Insects are known to approach light sources. I know that they use it as navigation tools, by maintaining a constant angle between their path and the light beam. However, if a light source is exceedingly bright, I mean like "blinding" bright, would an insect still use that as navigation tool?

What I have been thinking is, the insect wouldn't use it, and try to escape from the light source. I believe this because the extreme blindness may cause the insect to damage it's eyes, although I am neither knowledgeable nor capable of confirming this.

Such a thing usually doesn't happen in nature, so I'm unsure if such a test has been made before. Nontheless any help would be great. I also understand that my definition of "bright" isn't well defined, since I don't know the maximum intensity an insect can handle. I also haven't mentioned the insect, so for consistency sake, assume it to be a Black Witch moth (Ascalapha odorata)


Would an insect use a light source that's exceedingly bright to navigate?

  • 1
    $\begingroup$ Here's a study that addresses methods for pest control using various light parameters. Though it doesn't explicitely state it, the study does say that intensity is used for both attracting and repelling insects that are photoreceptive. rd.springer.com/content/pdf/10.1007/s13355-013-0219-x.pdf $\endgroup$ – user22020 Aug 10 '17 at 18:57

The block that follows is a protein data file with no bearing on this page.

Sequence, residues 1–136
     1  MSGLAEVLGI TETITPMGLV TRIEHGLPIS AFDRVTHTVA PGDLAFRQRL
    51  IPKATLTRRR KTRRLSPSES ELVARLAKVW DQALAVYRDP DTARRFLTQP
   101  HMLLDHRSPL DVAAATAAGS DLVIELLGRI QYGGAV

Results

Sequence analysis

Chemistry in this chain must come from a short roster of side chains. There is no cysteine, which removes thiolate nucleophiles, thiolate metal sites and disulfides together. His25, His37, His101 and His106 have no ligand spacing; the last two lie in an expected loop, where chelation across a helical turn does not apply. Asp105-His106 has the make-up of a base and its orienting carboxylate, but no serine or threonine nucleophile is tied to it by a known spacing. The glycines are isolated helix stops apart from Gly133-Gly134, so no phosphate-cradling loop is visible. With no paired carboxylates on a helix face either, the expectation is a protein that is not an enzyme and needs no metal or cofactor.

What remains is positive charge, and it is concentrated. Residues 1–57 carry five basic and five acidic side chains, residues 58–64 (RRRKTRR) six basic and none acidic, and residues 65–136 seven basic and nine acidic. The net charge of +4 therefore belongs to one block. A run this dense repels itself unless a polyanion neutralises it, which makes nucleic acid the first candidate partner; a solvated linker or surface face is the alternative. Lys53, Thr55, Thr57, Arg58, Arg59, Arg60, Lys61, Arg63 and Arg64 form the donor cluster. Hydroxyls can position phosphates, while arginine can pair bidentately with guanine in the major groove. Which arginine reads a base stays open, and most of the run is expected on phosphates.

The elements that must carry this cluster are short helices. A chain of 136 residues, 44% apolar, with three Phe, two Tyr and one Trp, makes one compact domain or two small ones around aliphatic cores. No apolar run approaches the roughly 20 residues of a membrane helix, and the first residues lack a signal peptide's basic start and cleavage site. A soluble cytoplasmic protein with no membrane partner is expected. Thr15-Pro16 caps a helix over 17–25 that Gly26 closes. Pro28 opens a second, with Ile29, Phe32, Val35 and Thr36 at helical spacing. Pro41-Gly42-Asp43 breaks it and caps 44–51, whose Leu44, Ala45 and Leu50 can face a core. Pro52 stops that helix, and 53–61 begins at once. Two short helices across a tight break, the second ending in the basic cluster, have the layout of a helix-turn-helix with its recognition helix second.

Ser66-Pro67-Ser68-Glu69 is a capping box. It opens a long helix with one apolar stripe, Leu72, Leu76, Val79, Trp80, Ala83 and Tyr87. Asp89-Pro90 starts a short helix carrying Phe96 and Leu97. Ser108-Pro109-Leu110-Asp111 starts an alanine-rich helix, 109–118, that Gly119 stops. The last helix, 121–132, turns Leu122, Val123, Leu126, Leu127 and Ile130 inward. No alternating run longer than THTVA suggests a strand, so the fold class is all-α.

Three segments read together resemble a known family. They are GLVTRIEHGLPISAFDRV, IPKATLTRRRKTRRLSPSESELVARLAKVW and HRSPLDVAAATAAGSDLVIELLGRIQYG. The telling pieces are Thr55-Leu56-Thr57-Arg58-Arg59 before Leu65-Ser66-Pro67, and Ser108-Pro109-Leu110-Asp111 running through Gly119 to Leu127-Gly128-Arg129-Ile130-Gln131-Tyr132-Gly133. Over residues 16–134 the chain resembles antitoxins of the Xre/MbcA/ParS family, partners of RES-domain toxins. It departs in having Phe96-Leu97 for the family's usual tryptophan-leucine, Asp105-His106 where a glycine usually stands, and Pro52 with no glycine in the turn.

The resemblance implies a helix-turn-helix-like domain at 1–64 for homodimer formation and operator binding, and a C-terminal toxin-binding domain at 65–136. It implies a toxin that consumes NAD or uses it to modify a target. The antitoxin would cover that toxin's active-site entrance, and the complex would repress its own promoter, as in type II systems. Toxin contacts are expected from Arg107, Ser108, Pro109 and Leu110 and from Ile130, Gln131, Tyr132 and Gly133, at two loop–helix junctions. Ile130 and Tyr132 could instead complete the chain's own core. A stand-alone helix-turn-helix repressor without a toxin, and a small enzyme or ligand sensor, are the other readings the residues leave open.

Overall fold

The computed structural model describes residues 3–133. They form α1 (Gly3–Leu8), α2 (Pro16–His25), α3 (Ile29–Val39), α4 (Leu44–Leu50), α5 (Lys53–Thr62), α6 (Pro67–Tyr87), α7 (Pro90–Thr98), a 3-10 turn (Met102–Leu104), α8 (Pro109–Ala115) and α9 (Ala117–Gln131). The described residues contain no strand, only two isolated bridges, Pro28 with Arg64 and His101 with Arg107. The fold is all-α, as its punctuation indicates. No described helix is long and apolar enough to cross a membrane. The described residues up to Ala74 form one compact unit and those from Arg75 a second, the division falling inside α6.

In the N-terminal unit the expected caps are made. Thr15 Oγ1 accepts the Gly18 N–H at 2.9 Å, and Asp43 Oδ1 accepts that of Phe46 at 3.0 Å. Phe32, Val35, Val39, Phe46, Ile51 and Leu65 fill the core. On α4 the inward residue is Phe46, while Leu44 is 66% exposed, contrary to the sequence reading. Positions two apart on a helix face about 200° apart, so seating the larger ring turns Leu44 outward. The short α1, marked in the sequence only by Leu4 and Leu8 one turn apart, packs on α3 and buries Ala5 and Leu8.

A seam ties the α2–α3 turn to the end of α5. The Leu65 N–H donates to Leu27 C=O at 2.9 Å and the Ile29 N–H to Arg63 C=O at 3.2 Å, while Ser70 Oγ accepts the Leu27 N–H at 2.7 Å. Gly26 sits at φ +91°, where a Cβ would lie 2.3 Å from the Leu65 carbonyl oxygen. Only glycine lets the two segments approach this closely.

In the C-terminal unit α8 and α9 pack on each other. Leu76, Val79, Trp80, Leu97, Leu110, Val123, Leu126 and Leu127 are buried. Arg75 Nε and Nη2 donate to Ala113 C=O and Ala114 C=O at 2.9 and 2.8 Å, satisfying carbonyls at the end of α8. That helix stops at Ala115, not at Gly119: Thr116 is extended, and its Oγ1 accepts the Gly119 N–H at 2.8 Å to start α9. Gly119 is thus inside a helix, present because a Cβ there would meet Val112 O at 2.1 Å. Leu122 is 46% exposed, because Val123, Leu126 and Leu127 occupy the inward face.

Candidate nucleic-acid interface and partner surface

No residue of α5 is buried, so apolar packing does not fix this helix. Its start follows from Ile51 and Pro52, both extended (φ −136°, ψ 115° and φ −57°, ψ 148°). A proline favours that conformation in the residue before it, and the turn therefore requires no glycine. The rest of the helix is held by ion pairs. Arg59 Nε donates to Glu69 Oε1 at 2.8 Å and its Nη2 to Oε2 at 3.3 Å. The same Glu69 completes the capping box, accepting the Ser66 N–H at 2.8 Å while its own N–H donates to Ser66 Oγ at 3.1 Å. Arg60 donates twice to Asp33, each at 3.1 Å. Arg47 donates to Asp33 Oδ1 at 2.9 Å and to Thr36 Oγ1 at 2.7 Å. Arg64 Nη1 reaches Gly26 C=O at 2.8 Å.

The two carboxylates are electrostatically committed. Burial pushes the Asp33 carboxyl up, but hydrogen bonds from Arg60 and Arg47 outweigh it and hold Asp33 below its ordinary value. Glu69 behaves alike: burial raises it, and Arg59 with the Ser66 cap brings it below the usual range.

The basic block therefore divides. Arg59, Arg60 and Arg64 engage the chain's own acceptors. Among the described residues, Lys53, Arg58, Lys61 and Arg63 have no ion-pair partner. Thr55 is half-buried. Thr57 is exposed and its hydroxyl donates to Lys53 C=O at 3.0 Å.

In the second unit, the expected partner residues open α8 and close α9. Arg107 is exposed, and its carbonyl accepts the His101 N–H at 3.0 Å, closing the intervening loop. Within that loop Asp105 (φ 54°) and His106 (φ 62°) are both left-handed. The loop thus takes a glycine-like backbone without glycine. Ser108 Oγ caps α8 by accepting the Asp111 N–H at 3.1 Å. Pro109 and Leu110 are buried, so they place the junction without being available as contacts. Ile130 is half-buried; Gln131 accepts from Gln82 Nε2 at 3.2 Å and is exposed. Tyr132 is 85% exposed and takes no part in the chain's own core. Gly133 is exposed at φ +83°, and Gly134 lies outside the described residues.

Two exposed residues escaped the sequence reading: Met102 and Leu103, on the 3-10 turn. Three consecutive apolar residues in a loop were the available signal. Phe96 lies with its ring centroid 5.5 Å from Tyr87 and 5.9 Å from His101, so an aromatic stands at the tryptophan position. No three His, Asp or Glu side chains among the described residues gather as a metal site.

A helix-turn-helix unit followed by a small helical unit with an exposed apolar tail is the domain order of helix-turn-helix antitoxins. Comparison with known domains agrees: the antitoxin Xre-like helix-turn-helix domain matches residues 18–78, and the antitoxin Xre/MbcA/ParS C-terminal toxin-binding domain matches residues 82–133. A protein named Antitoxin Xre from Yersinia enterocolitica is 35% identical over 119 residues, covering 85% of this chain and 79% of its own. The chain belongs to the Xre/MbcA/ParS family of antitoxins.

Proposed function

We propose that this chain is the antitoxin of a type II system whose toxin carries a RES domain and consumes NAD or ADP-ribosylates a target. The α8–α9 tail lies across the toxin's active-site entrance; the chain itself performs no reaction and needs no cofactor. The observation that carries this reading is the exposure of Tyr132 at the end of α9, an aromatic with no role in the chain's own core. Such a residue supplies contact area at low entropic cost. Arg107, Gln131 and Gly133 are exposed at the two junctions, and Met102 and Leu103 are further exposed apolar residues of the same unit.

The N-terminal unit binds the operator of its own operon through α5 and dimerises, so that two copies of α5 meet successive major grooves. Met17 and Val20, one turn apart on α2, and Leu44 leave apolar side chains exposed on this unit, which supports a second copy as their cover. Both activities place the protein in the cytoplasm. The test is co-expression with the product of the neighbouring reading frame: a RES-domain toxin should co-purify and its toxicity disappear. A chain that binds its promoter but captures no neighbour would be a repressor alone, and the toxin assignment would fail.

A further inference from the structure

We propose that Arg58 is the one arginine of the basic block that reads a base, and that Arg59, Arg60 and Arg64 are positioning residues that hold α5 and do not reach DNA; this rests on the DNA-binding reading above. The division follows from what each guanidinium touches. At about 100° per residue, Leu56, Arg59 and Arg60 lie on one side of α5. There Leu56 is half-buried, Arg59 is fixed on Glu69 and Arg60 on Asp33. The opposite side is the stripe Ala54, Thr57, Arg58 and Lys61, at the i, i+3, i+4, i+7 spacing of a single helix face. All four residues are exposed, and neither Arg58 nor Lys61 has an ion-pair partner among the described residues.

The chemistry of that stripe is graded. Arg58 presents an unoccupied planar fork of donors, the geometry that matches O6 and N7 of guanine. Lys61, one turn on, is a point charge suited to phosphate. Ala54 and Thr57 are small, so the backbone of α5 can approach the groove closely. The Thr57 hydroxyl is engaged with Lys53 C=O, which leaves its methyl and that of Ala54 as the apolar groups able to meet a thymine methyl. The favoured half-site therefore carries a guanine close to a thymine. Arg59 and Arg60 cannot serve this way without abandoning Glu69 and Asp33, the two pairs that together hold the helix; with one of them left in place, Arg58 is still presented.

• $\begingroup$ "Insects exhibit the following phototactic behaviors: (A) attraction (i.e., positive phototaxis, moving toward a light source); this response can be used to trap pests, but the effective wavelengths and intensities vary among species and (B) repulsion (i.e., negative phototaxis, moving away from light); this can be used to prevent pests from entering a cultivation area by presenting light at wavelengths and intensities that repel them." $\endgroup$ – user22020 Aug 10 '17 at 18:58
  • 1
    $\begingroup$ First, your assumption that insects use light as navigation might be wrong, the flight-to-light behaviour is still far from understood. Link. Secondly, I doubt a light can be too bright. The incandescent lights that are often used for trapping them are so bright that human are blinded by them. $\endgroup$ – RHA Aug 10 '17 at 19:59

Your Answer

By clicking “Post Your Answer”, you agree to our terms of service, privacy policy and cookie policy

Browse other questions tagged or ask your own question.